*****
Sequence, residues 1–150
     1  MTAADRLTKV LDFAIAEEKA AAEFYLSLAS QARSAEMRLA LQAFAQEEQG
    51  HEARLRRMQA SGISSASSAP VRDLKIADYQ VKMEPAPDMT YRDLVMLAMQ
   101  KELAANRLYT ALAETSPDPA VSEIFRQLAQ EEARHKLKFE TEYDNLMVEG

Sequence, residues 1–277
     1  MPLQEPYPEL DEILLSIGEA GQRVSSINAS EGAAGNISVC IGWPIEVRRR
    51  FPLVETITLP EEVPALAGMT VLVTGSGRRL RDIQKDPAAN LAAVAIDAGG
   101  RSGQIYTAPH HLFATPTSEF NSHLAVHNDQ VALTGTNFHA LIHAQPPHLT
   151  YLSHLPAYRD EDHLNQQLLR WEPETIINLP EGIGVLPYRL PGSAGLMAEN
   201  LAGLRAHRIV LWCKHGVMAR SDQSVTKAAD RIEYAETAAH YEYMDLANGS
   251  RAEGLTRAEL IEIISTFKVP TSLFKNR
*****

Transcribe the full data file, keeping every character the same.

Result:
Sequence, residues 1–150
     1  MTAADRLTKV LDFAIAEEKA AAEFYLSLAS QARSAEMRLA LQAFAQEEQG
    51  HEARLRRMQA SGISSASSAP VRDLKIADYQ VKMEPAPDMT YRDLVMLAMQ
   101  KELAANRLYT ALAETSPDPA VSEIFRQLAQ EEARHKLKFE TEYDNLMVEG

Sequence, residues 1–277
     1  MPLQEPYPEL DEILLSIGEA GQRVSSINAS EGAAGNISVC IGWPIEVRRR
    51  FPLVETITLP EEVPALAGMT VLVTGSGRRL RDIQKDPAAN LAAVAIDAGG
   101  RSGQIYTAPH HLFATPTSEF NSHLAVHNDQ VALTGTNFHA LIHAQPPHLT
   151  YLSHLPAYRD EDHLNQQLLR WEPETIINLP EGIGVLPYRL PGSAGLMAEN
   201  LAGLRAHRIV LWCKHGVMAR SDQSVTKAAD RIEYAETAAH YEYMDLANGS
   251  RAEGLTRAEL IEIISTFKVP TSLFKNR